David Barthel - North Shore Images PhotographyDavid Barthel North Shore Images Photography
David Barthel

Photo Journal & News

Monday, September 3, 2012

Teton Dawn

The Rocky Mountains traverse much of the western interior of North America, but few of its peaks match the beauty of the Grand Tetons. The highest of the distinctly sharp peaks of the Tetons exceed an elevation of 14,000 feet, or 7000 feet above the valley of Jackson Hole. While this mountain range alone is magnificent, icons of the Old West, including near-century-old barns, chapels, and buckrail fence dot the valley landscape.

One of the most iconic of these landmarks is the historic Thomas A. Moulton Barn. This barn is part of the Mormon Row Historic District, a cluster of homesteads, including barns, corrals, and drainage ditches, built by Mormon settlers during the early part of the 20th century. The barn is all that remains of Moulton's homestead.

One day this past spring, as the early morning light from the rising sun first struck the Teton peaks and barn, I made this panorama by taking eight consecutive vertical exposures and later blending them digitally to create a very high resolution image. I could print this image on canvas to a length of 14 feet with little loss of detail. If you look very closely, you'll see a couple of horses in the far distance drinking from the stream on the left.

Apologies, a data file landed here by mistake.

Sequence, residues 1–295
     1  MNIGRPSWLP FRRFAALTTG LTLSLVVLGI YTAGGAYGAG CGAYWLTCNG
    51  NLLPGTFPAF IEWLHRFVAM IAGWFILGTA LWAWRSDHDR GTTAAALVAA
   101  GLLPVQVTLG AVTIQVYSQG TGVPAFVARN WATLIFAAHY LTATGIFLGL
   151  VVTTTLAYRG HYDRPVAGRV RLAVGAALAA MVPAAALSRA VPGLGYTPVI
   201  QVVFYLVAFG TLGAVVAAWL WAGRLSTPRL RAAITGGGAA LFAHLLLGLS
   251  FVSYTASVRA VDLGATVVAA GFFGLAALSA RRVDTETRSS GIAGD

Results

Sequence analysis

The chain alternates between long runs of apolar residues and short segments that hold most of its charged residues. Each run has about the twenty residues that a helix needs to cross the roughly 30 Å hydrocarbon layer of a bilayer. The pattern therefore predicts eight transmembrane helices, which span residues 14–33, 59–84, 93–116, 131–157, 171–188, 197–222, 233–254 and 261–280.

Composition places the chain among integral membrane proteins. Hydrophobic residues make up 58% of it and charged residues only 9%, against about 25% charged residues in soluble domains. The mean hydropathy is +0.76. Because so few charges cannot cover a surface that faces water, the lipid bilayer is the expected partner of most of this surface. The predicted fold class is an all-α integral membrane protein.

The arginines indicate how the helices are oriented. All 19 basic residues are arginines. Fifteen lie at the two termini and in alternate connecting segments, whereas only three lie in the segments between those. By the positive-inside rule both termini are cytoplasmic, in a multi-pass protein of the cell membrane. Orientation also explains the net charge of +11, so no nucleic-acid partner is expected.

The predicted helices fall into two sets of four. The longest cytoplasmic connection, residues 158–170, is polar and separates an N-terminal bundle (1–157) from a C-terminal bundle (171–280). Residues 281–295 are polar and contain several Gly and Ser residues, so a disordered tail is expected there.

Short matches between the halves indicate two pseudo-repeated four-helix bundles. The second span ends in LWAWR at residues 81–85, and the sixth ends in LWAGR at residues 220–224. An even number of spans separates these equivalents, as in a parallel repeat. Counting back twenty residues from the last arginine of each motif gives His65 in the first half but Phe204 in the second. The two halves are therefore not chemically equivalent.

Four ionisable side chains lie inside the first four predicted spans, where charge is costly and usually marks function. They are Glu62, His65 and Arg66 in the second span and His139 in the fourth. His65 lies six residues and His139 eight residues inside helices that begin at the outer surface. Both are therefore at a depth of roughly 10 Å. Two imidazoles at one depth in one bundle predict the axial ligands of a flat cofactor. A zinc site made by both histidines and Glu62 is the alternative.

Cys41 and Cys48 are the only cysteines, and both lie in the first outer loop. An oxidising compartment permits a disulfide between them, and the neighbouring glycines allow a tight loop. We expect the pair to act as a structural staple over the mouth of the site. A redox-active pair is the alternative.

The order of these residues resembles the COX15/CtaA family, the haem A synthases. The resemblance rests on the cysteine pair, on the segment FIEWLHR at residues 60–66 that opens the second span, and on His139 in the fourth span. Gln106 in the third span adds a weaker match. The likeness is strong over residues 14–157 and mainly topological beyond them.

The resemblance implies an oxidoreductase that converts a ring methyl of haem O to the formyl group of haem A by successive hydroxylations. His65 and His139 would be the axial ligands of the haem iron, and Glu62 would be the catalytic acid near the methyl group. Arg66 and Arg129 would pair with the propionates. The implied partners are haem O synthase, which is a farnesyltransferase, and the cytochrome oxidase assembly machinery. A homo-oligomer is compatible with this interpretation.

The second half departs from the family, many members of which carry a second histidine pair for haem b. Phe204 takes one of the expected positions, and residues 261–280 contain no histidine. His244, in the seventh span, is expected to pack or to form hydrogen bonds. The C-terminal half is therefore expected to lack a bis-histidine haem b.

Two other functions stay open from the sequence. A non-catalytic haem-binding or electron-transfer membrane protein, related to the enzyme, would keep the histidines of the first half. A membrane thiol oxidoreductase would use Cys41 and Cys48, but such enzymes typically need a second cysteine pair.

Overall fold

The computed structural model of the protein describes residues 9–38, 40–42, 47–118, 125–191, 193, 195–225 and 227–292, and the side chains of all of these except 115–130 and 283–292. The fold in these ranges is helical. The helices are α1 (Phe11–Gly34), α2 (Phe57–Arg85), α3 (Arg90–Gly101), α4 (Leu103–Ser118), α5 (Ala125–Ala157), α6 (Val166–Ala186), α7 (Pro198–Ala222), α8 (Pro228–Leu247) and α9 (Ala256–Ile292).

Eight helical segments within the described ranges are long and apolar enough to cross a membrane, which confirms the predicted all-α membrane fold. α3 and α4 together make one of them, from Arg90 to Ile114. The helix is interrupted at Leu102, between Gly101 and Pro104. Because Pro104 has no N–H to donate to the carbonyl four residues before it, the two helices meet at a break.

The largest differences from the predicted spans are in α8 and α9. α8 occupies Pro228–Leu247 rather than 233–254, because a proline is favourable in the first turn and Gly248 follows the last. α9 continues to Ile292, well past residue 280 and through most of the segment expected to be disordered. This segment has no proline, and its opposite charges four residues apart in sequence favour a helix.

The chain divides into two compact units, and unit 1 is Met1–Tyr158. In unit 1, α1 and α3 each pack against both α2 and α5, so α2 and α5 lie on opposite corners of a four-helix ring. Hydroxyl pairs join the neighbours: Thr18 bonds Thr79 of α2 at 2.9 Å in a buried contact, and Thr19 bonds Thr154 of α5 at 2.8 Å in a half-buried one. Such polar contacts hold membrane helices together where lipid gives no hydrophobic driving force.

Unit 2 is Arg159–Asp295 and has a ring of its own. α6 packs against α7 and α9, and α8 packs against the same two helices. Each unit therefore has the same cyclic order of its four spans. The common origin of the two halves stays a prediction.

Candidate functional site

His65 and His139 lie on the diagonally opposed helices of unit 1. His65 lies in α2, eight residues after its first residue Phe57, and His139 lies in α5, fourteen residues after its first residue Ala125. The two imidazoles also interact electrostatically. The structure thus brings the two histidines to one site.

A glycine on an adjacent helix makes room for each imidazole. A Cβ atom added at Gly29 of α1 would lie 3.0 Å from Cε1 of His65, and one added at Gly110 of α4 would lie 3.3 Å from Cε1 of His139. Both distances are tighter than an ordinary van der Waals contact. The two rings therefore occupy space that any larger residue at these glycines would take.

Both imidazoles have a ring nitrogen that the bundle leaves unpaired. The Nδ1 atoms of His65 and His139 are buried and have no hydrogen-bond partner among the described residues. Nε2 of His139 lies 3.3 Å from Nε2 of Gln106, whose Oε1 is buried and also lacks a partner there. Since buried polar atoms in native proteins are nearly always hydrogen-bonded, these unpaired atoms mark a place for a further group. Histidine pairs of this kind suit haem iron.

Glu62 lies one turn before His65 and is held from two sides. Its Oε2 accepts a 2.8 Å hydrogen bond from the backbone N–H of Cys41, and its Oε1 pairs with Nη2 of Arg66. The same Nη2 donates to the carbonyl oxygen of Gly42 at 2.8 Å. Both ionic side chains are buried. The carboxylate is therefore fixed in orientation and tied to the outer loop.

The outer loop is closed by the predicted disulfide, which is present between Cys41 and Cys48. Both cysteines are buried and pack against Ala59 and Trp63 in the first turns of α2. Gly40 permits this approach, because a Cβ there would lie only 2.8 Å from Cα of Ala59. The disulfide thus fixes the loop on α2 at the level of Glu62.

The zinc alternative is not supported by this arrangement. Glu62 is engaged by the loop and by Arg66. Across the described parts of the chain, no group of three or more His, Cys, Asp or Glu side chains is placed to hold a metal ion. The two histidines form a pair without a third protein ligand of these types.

Another morning at Grand Teton National Park brought me to the banks of the Snake River at Schwabacher Landing. This particular location along the river is basically a beaver pond and typically calm, offering nice reflections of the Cathedral group of the Tetons. Again, I was rewarded with the best light just as the first rays of sunlight hit the peaks of the mountains.

I was drawn to this composition due to the many forms of symmetry present. The most obvious element of symmetry is due to the reflection in the river. There is also an approximate symmetry vertically down the center involving the peaks of the Cathedral group as well as the arrangement of the trees on the opposite bank of the river. Particularly interesting is the inverse relationship of the apparent size of these trees to the distant peaks moving from the center of the image to the side edges.

I captured many more photographs of this majestic national park this past spring and look forward to sharing more in the near future . . .

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